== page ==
This week brainstorming some solutions to keeping our baby safe when the boys hold her worked really well. If I'd laid down rules I know the 4 yr old wouldn't have listened. Instead we talked about which bits of a baby might break easily, especially now she wiggles and rolls so much and agreed that it works best to sit on the carpeted floor to hold her so she can't falll far. This after two episodes of baby rolling off couch that were hair raising! I was right there, but not right there enough. It has been so hard to find ways to respect both the boys' need to be very close to their adored sister and her absolute need for personal safety (not to mention my need for personal space - I love them all to bits but not all at once on my knee kissing the baby...)
post #51 of 153
Quote:
Originally Posted by mountainskymama View Post
I highly recommend "Take Charge of Your Child's Health" by George Wootan, MD., and several other books that will give you the information you need to support your child in healing himself....and also recommend seeking out all of the options....there are many.
Yes, I love this book! We actually think much along the same lines as you in regards to our kids' health. We have given them motrin before for ear infections (one of my sons seems to be prone to ear infections, hence the allergy testing), but otherwise avoid anything other than herbs and homeopathy. They haven't had antibiotics or anything like that, and we don't do well visits just for fun (we have had to have them in order to get their lead levels tested for preschool; this is a state law). They have both had signs of tooth decay and have been to the dentist for cavities to be filled. They actually love the dentist, so even if it were 100% up to them, they'd still be getting their teeth cleaned . But, anyway, my concerns were more in the other direction. Like, what if they said that instead of garlic drops for an ear infection, they'd like to try antibiotics?! Or if they decided that they'd rather be vaccinated than risk getting pertussis? This may seem far-fetched, but this fall when many of their friends were getting flu shots, they were quite upset that I wouldn't let them get them. I feel like, at 5, they're simply too young to understand all of the ramifications of these decisions. I also chose to expose them to chicken pox when it was available to us this fall rather than wait and potentially risk them catching at an older and less ideal age (i.e. as teenagers). I didn't force them to expose themselves, but there was a bit of coercion (I certainly talked them into it). Perhaps being totally consensual in regards to health choices would be easier if we lived a more sheltered existence (i.e. if I were homeschooling and all of our friends were making the same health choices as we were), but since my kids are exposed to so many different ideas about how to approach health, I can't guarantee that they'd naturally follow in my footsteps.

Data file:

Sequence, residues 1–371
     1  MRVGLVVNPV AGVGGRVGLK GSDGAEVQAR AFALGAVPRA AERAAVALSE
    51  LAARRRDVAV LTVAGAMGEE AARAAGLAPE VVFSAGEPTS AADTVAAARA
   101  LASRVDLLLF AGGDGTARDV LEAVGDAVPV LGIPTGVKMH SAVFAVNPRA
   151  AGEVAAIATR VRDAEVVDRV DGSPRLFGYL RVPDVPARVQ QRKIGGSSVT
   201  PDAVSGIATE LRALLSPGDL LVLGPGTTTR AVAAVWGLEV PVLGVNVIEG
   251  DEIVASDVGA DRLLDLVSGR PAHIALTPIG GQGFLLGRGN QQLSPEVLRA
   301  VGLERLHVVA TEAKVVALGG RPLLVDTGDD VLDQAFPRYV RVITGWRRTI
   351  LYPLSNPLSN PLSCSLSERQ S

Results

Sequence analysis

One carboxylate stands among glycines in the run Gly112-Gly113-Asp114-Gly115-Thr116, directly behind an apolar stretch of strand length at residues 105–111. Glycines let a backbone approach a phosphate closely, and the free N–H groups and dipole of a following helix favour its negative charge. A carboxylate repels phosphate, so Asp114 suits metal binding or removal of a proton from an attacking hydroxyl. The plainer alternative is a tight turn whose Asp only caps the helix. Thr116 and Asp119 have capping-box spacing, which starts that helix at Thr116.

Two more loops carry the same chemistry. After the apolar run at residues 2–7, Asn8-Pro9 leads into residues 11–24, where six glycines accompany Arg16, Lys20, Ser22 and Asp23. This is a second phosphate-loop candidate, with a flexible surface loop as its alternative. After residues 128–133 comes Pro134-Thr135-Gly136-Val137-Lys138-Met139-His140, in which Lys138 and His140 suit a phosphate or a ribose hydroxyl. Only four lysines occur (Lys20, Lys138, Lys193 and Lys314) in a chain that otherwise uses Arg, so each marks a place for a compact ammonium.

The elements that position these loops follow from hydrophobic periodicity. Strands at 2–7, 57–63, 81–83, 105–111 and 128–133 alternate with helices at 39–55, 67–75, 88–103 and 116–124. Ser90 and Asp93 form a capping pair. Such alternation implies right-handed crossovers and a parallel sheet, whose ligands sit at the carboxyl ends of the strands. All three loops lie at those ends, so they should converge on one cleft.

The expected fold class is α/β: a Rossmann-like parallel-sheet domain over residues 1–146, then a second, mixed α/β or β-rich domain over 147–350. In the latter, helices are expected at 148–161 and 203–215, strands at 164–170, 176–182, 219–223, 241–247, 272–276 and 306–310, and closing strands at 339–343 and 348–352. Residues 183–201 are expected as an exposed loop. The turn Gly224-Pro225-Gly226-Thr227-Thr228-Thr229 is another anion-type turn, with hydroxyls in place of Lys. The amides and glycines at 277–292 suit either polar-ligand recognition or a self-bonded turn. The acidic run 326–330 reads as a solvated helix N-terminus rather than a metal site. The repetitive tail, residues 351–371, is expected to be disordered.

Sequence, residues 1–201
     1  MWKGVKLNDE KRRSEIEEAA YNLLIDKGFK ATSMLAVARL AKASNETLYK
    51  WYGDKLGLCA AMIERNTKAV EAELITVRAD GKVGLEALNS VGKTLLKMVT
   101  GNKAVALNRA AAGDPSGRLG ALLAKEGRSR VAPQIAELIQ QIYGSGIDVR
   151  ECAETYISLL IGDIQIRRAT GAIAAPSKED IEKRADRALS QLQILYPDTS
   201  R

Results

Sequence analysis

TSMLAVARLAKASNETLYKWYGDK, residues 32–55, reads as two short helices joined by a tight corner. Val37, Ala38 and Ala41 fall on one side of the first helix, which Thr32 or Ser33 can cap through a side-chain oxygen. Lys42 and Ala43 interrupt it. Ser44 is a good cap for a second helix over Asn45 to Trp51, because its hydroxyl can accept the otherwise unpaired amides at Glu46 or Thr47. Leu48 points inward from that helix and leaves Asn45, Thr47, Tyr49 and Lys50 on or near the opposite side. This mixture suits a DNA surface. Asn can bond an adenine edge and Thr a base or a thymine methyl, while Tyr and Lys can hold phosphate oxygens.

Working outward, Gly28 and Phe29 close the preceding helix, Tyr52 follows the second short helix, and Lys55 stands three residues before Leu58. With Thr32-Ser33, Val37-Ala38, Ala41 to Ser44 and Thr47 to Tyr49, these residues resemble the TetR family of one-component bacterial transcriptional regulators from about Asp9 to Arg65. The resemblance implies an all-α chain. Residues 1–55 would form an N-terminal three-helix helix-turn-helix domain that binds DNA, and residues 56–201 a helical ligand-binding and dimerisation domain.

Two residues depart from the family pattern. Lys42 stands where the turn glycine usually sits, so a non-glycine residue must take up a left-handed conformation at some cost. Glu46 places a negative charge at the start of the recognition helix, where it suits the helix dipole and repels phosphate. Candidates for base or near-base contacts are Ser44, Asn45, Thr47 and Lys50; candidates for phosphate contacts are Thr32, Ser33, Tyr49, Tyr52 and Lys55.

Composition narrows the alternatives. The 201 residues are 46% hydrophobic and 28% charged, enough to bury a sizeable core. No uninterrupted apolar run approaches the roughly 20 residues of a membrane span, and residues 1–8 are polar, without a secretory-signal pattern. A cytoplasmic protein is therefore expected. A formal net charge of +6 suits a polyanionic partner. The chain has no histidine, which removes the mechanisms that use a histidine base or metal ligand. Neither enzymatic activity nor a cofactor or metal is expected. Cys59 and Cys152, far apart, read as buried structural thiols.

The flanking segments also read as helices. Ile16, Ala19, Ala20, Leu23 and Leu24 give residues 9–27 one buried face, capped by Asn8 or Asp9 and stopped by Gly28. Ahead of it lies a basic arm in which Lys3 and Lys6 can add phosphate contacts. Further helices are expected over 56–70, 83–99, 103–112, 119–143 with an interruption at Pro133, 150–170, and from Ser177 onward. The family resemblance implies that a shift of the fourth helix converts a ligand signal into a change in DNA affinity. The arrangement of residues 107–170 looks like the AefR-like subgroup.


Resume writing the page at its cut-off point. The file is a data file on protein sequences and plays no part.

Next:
Thanks for your great explanations, mountainskymama!

Lex
post #52 of 153
I also agree with the idea that the peaches story reflects a mama trying to make sense of the journey, and forgetting a very important person in that particular consensus process! In that situation, I might have tried to ask the mama if we could come up with a consensual solution (like, could she pick up some more peaches, maybe?).